Tiny Collections is one expression of the Material Collective’s mission to foster a safe space for alternative ways of thinking about objects. Individual volumes will push at the boundaries of art history’s methods and practices; they will value the lyrical and the speculative; sometimes they will be group projects; they will cross boundaries and invent forms; they will not be monographs or traditional scholarly research studies; they will not be the kinds of art historical projects that could find publication in established journals.
Tiny Collections are gatherings: thoughtfully assembled things, presented in warm light with a murmured “lookit” for introduction. Tiny Collections are the things we do, together.
Sara Rich: Closer to Dust
No one thinks straight. At least no one remembers straight. But ten years ago, things were different, weren’t they?
Roland Barthes once wrote that color in a photograph is like make-up on a corpse. No one is fooled. In anarchic denial of convenient truths, a young international couple meet and marry on a small Mediterranean island. Ten years later, the couple separate in part due to complications with immigration laws. Following this transcontinental rupture, fragmented histories emerge in response to the woman’s encounters with a series of color snapshots. There is death here, familiar to the mourner, as the photographs issue their special powers to magically and auspiciously predict the future and simultaneously to permit the return of the dead. The woman recognizes pieces of herself as past objects indexed within photographic stills, but paradoxically, she is present, outside in this chaos trying not to fall apart. The images and their objects yawn to remind us of the reluctant destiny of all our beloved memories, bodies, and things: that is, to disintegrate.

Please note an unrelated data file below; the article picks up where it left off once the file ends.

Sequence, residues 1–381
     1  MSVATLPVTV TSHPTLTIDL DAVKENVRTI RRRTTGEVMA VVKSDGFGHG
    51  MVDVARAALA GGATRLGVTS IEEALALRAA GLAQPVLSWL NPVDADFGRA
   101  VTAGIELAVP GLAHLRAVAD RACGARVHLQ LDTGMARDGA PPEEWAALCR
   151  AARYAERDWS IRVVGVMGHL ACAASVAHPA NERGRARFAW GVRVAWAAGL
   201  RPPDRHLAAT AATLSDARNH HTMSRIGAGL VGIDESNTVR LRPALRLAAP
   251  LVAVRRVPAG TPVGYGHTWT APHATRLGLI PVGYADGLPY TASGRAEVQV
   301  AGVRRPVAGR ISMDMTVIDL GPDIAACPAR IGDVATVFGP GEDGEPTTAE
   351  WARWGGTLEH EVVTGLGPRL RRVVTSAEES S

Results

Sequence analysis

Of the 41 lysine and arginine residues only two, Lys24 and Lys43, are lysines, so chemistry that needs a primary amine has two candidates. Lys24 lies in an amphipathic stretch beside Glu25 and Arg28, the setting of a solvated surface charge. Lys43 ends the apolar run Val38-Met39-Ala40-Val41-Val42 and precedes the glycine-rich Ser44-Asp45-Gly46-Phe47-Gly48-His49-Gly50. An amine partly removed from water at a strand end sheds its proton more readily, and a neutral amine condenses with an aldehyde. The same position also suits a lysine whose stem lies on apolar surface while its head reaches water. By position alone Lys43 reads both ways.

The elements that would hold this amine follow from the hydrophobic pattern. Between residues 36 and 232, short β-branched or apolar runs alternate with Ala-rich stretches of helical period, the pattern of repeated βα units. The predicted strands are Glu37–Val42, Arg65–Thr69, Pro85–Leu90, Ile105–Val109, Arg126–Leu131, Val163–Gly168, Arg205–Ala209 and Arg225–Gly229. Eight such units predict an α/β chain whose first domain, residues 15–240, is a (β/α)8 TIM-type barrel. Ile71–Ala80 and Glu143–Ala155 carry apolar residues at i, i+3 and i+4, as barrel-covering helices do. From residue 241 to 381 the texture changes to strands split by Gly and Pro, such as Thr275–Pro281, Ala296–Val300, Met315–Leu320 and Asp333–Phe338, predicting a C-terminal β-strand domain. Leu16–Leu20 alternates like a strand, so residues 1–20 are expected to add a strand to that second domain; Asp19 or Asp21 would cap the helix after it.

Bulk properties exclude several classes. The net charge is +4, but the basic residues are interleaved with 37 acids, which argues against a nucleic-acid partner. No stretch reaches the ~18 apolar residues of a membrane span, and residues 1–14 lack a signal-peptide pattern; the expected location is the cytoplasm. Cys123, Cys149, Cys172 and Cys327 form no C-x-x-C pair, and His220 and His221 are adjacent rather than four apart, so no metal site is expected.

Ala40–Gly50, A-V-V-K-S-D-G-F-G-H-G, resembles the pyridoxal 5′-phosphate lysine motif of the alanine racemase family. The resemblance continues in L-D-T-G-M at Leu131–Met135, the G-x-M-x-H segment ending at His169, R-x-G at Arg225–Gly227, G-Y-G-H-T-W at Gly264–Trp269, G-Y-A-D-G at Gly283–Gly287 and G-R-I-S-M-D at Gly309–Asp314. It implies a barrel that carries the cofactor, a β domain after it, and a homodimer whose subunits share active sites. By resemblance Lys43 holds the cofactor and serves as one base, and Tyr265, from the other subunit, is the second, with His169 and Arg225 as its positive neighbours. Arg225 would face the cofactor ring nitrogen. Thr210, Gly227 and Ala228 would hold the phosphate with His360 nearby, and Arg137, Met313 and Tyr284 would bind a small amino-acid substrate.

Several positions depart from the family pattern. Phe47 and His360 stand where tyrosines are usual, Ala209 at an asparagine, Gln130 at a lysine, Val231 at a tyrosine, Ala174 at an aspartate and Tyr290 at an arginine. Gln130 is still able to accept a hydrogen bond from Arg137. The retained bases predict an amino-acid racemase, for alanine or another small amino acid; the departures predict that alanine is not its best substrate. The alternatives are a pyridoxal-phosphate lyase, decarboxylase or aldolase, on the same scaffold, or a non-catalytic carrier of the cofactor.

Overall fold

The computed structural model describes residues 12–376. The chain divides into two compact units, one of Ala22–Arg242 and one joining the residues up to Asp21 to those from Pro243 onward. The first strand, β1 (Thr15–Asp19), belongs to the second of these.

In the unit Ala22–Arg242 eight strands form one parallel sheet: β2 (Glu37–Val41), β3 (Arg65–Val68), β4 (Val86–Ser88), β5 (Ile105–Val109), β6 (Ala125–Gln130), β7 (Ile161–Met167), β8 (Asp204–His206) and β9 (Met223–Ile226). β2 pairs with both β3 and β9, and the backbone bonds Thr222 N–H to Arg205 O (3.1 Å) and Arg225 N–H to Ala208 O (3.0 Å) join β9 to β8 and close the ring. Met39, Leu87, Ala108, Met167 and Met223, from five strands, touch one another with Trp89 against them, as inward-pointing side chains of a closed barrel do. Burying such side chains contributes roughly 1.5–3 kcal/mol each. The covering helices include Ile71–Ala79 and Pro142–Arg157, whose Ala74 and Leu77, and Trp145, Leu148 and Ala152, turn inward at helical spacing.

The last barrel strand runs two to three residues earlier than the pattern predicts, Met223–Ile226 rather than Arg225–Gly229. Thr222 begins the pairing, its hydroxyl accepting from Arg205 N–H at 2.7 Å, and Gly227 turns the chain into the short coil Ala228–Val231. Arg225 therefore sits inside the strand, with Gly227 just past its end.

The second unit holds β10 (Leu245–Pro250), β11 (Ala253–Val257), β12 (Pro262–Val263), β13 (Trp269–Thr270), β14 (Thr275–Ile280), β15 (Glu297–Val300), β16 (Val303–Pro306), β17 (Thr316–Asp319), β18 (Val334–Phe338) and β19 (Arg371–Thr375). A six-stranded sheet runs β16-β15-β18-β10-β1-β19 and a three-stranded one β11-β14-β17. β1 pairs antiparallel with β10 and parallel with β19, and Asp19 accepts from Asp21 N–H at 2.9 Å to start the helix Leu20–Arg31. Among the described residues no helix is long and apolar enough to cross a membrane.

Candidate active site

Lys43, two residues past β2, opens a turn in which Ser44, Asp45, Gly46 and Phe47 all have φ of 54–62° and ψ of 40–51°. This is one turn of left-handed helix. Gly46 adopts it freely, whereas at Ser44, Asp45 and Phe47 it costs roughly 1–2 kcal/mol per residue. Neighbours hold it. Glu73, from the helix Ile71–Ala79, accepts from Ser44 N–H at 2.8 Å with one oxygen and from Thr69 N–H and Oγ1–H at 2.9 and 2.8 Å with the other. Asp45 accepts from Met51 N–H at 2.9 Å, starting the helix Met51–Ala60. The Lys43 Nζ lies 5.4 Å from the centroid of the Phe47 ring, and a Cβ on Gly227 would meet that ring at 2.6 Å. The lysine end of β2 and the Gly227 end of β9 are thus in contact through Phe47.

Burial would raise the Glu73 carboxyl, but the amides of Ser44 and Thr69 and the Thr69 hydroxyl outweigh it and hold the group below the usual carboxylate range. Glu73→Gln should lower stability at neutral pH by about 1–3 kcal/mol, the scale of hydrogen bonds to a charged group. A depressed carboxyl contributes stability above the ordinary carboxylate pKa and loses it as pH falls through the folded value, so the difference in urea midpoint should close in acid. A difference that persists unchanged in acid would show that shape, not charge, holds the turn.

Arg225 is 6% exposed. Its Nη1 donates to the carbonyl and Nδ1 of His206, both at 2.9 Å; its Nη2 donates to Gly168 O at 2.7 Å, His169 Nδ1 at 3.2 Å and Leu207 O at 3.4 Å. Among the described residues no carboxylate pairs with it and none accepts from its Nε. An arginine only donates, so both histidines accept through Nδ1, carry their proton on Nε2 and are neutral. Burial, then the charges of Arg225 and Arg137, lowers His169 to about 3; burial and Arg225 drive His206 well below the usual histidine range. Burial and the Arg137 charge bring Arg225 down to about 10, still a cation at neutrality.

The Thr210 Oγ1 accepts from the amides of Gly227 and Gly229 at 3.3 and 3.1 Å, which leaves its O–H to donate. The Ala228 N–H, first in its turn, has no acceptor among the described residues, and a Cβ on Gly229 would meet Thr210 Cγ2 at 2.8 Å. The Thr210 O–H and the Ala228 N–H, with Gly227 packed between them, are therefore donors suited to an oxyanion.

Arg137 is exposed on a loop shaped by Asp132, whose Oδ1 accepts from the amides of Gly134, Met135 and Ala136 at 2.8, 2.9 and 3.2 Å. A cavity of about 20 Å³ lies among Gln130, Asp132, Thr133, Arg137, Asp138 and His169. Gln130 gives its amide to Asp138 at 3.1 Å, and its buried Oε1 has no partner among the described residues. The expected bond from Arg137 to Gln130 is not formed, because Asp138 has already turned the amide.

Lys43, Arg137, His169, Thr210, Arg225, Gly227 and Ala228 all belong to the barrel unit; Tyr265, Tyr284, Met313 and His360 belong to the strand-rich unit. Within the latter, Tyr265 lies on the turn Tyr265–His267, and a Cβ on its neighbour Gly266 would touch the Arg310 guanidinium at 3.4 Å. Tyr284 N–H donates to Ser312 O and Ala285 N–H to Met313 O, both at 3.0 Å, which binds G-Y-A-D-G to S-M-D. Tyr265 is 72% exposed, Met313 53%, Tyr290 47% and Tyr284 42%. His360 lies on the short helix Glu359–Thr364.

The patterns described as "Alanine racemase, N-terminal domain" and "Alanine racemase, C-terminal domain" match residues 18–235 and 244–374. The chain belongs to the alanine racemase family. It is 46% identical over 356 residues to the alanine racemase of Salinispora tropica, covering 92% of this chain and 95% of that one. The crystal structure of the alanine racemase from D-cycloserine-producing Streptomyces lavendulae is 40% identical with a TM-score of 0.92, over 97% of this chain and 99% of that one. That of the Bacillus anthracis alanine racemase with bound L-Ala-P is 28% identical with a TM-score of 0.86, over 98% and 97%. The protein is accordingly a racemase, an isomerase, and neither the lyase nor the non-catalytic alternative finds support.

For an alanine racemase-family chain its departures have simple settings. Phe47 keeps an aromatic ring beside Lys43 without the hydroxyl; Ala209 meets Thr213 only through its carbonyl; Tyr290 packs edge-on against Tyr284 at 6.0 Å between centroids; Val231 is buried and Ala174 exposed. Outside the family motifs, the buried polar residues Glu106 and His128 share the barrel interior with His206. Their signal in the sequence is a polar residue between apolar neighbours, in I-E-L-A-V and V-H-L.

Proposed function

Borrowing its title from a passage in The Emigrants by W.G. Sebald, Closer to Dust is a séance, a gathering of invitees: inherently biased elegies, the images that conjured them, and the reader- viewer in attendance who is warmly invited to order these intimate fragments into cohesion.
Also in This Series:
Sea Monsters: Things from the Sea, Volume 2
Beaches are places that give and take, bringing unexpected surprises to society, and pulling essentials away from it. Through monsters, we confront our tiny time between catastrophes and develop a recognition of Otherness by which an ethical understanding of difference becomes possible. Learning to read the monster’s environmental signs often helps humans determine the scope of the monster’s place in the eco/cosmic timeline and defeat it—until the epic cycle inevitably repeats; monsters live and live and live. Even so; when humans identify and confront monsters we do so at the risk of exposing our own monstrosity. When a massive creature is pushed into human proximity by the ocean’s wide shoulders, the waves deposit and erode human assumptions about itself and its environment; words, sounds, breath, water, wind, flesh, blood, and bones wash in and out. Chance encounters reveal us to ourselves anew. When we look into the inky backs of whales, or deep into vortices, what do we see?